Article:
Qualifying as an Adaptation

An adaptation is a feature produced by natural selection for its current function. Based on this definition we can make specific predictions (“If X is an adaptation for a particular function, then we’d predict that...”) and see if our predictions match our observations. As an example, we’ll consider the hypothesis: feathers are an adaptation for bird flight. Is the evidence consistent with this hypothesis?

  • Heritable
    If it has been shaped by natural selection, it must be genetically encoded—since natural selection cannot act on traits that don’t get passed on to offspring. Are feathers heritable? Yes. Baby birds grow up to have feathers like those of their parents.
  • Functional
    If it has been shaped by natural selection for a particular task, the trait must actually perform that task. Do feathers function to enable flight? In the case of bird flight, the answer is fairly obvious. Birds with feathers are able to fly and birds without feathers would not be able to.
Baby birds have feathers

  • Adaptive
    Feathers enable flight If it has been shaped by natural selection, it must increase the fitness of the organisms that have it—since natural selection only increases the frequency of traits that increase fitness. Are birds more fit with feathers than without? Birds without feathers aren’t going to leave as many offspring as those with feathers.

We could do experiments to test each of these criteria of adaptation. So far so good—the feature could have been shaped by natural selection. But we also have to look at historical questions about what was going on when it arose. Did feathers arise in the context of natural selection for flight?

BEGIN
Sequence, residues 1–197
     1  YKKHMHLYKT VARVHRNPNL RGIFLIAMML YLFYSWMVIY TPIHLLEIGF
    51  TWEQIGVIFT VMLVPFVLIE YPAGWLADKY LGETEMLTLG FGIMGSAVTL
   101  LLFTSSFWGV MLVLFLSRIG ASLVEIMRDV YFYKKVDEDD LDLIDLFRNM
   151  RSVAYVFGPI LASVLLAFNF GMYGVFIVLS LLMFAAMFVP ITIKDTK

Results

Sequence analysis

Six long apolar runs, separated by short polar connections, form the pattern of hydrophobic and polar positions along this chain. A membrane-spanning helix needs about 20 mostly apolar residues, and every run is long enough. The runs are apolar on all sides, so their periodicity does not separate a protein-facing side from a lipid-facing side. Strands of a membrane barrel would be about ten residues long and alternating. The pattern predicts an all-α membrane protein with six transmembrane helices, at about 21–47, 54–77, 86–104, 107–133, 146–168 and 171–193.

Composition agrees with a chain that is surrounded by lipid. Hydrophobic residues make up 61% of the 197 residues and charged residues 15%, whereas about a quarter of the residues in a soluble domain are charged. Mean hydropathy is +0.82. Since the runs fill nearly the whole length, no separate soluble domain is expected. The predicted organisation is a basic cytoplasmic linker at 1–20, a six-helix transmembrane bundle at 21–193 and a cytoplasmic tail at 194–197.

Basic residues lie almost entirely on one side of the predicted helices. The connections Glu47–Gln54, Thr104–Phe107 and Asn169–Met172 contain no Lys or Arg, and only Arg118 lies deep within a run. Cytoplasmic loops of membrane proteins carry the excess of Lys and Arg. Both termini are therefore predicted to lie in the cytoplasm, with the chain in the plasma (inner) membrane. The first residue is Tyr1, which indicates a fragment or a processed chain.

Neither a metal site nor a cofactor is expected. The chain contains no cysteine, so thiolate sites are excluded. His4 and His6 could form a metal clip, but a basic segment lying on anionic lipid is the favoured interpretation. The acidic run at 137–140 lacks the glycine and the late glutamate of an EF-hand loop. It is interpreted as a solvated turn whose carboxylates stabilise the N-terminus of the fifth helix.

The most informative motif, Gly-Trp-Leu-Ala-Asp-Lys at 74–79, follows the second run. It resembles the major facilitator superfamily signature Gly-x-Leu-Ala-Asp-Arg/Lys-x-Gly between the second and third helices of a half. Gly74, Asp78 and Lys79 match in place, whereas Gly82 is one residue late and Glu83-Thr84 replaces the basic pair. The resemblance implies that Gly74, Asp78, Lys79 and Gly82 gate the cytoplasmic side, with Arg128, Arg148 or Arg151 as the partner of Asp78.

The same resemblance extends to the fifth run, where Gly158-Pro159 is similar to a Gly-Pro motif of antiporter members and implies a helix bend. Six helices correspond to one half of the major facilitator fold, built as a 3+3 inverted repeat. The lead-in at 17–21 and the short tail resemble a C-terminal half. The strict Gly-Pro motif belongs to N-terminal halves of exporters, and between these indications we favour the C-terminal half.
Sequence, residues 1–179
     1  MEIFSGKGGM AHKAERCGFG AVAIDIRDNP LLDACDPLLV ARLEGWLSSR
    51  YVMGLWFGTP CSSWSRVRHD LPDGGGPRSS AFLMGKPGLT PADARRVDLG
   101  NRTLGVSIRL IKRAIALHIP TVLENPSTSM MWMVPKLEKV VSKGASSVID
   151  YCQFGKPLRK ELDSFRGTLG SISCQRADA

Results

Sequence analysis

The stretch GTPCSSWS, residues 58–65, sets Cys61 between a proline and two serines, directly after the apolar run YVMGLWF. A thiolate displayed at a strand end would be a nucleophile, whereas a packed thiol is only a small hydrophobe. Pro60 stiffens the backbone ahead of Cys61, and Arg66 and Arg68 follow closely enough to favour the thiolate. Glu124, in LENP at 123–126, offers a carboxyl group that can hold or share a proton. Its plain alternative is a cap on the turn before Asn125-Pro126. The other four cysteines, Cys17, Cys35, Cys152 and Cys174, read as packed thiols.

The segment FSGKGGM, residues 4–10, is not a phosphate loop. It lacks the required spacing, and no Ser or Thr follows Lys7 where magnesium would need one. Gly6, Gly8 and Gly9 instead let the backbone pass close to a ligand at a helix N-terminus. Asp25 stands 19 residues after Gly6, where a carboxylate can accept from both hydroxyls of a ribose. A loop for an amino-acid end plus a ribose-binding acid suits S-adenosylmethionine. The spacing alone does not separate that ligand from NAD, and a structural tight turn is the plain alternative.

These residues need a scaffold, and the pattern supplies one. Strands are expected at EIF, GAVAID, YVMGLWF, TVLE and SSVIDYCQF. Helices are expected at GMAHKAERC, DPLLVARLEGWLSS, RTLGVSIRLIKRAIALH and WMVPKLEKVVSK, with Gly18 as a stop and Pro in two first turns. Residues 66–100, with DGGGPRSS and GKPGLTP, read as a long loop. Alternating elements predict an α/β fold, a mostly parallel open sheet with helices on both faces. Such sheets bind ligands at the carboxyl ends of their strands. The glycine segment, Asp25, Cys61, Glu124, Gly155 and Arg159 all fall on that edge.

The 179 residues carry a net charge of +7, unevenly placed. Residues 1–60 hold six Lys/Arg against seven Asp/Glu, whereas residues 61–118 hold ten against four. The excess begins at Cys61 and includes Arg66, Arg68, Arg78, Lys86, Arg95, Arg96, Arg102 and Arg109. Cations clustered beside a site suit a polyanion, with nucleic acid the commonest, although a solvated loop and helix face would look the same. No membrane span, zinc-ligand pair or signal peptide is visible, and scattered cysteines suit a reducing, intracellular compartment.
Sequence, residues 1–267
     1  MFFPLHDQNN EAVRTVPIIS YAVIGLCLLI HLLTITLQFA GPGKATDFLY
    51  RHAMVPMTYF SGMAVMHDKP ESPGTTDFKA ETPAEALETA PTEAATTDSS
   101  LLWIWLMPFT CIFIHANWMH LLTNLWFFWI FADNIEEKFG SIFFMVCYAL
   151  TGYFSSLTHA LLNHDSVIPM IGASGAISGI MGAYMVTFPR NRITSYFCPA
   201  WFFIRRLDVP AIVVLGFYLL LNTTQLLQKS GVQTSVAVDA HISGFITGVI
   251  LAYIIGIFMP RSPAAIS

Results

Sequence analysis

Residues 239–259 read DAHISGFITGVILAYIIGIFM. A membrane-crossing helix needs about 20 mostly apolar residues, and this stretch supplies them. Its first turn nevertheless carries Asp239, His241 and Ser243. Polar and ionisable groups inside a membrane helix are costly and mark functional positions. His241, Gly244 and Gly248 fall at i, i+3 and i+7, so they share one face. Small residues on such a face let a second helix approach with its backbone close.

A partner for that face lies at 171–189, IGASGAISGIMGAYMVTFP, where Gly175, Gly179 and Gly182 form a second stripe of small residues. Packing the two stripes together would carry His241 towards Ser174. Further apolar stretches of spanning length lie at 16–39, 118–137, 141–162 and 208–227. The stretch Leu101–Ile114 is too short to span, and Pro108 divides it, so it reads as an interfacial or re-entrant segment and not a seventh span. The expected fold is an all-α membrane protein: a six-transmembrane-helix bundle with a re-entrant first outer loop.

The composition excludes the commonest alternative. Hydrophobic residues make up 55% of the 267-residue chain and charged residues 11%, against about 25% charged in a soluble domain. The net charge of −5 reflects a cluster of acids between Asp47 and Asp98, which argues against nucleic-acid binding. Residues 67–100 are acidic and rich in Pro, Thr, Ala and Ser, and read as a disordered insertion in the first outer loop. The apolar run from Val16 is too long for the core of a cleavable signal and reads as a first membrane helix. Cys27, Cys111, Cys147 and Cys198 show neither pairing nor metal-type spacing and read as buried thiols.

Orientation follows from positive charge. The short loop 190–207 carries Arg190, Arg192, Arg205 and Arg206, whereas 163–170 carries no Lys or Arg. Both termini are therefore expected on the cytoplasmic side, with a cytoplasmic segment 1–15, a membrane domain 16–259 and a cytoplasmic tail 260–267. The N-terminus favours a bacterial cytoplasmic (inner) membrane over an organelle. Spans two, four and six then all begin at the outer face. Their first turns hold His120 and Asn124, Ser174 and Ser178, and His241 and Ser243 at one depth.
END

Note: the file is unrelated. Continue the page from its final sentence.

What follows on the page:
• Current Function
    Feathered theropodDid the trait arise when the current function arose? Did feathers arise when flying arose? The answer to this is probably no. The closest fossil relatives of birds, two-legged dinosaurs called theropods, appear to have sported feathers but could not fly.

So perhaps the basic form of feathers is not an adaptation for flight even though it certainly serves that function now. It may be an exaptation for flight and an adaptation for some other function. Answering questions like these, has led biologists to look for alternate scenarios for the initial evolution of feathers.

This last question emphasizes the importance of understanding organisms’ history through fossils such as Archaeopteryx and reconstructed phylogenies. It is not enough to know that the feature is functional right now. We want to know what was happening when it first evolved, which often involves reconstructing the phylogeny of the organisms we are interested in and determining the likely ancestral states of the characters.


Explore further
•  Not everything is an adaptation
•  Neutral theory
•  Exaptations

• Albatross images courtesy of Gerald and Buff Corsi, Focus on Nature, Inc.
Archaeopteryx image courtesy of Dave Smith, UCMP.

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Misconceptions about Natural Selection